This is one of my most exciting and exclusive posts of the year! I am honoured to be sharing an in-depth interview and behind-the-scene early illustrations by Greg Stobbs, illustrator of the amazing Don’t Ask the Dragon, written by Lemn Sissay.
This is the story of a little boy called Alem. It’s his birthday, but who knows where he can go to celebrate it? He asks everyone he meets: a bear, a fox, a treefrog, even a bulldog. They all have the same answer… I don’t know but don’t ask the dragon or he will EAT you!
So, what will happen when Alem comes face-to-teethy-grinned-face with the dragon?
I don’t know… you’ll have to read it! Seriously, I can’t tell you because the twist in this gorgeous picture book is too heart-warming to give away a spoiler. It was a joy to see how this book conjured up so many different emotions in my daughter. She thought the dragon was SO scary at first but by the end of the book her viewpoint had changed. Best of all, we loved Alem’s backpack!
Alem means “the world” and this book is going to mean the world to many, many children. Don’t Ask the Dragon is a beautiful, poetic tale to remind us all that home is where the heart is.
I am thrilled to be sharing a fascinating interview with Greg Stobbs…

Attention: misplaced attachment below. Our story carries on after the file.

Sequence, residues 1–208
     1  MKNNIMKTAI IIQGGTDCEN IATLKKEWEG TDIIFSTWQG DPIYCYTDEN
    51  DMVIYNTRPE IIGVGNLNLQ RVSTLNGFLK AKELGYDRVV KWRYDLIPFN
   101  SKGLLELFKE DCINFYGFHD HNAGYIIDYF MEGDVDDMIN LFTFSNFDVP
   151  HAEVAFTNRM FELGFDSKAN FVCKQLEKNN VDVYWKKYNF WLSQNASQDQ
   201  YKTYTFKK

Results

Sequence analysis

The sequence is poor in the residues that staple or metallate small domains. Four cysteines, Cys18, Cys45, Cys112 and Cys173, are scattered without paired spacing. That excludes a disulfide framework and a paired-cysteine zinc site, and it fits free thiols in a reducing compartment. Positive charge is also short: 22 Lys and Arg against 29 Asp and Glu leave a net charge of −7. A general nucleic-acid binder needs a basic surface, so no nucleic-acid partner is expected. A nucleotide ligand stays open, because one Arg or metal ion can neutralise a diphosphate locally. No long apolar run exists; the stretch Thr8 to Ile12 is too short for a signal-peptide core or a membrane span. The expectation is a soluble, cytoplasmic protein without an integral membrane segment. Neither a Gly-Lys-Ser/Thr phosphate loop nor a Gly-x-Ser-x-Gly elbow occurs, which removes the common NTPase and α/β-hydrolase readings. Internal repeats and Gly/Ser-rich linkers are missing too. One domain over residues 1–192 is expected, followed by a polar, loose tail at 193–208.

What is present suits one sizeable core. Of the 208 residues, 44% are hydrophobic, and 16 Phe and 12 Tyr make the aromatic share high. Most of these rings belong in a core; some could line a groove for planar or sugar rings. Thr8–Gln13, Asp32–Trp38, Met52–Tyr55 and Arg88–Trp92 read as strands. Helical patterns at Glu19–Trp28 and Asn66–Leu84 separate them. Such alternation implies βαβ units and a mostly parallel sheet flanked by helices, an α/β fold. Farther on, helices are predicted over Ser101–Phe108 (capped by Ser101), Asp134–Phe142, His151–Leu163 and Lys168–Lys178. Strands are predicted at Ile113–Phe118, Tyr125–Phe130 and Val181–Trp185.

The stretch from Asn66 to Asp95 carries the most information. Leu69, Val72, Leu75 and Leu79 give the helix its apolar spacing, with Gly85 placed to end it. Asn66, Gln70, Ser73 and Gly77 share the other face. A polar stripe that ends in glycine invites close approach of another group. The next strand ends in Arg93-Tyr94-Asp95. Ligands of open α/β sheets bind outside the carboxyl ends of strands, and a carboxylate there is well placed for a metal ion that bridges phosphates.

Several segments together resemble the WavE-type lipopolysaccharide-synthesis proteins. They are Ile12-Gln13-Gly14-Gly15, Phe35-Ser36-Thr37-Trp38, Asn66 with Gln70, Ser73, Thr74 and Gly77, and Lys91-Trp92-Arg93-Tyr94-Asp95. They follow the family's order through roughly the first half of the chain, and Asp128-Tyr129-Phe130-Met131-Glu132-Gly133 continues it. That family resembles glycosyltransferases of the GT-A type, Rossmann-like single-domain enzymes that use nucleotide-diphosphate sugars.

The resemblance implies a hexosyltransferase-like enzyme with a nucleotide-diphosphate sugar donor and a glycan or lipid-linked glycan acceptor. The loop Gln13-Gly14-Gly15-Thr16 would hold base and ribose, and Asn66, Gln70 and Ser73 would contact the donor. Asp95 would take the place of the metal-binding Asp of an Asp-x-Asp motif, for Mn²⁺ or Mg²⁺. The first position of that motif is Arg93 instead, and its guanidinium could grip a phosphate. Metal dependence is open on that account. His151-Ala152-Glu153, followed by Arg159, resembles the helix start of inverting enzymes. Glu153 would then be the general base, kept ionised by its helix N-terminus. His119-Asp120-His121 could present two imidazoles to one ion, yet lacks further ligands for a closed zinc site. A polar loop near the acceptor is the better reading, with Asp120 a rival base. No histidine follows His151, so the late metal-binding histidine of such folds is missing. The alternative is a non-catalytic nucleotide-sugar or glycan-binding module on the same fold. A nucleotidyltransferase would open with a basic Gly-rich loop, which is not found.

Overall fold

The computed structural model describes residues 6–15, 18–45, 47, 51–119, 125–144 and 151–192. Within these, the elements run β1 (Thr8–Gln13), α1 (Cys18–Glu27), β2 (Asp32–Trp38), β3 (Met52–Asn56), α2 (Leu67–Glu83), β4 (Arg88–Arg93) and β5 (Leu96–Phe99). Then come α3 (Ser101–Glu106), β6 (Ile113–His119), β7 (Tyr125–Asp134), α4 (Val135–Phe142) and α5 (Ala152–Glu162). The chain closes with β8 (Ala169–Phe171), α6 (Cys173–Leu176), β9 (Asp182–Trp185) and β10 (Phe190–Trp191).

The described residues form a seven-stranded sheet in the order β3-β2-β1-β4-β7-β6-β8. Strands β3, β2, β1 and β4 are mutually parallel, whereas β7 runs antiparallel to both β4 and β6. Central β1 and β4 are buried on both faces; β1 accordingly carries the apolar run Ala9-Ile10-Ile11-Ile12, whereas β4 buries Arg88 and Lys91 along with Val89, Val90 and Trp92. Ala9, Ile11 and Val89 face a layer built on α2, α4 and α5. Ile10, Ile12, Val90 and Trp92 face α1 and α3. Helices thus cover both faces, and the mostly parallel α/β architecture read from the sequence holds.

Hi Greg, thank you so much for talking to me. Don’t Ask the Dragon is one of those picture books where the words and the pictures work perfectly together – you and Lemn were clearly on the same page! Can you tell us how the project came about and the inspiration behind it?
Thanks so much for inviting me! I’m really glad that you think the words and pictures work perfectly together, as this is something Lemn and I talked about a lot. He would say that each spread needed to be it’s own stand alone work of art. That each illustration needed to work with the text but also extend on the story and do it’s own thing. The seeds for ‘Don’t ask the Dragon’ were planted way back in 2016 when I met Lemn and we worked together for Beth Cuenco and the Marlowe theatre with young Refugees, people in care, and care leavers, visualising their stories and poetry alongside musicians, song writers, dancers and projectionists. It was an extremely powerful installation, (to date the only project I have worked on that has made me cry…… although there’s a strong chance that will happen again with the launch of ‘Don’t ask the Dragon!) I learnt a great deal about the partnership between words, visuals and illustration in making it. Lemn would always be suggesting little tweaks, adding, and taking away elements, that enhanced the stories further. He suggested that there needed to be an illustration that would be the first thing that people saw as they came in. I made a red pencil drawing of a boy carrying many homes on his back.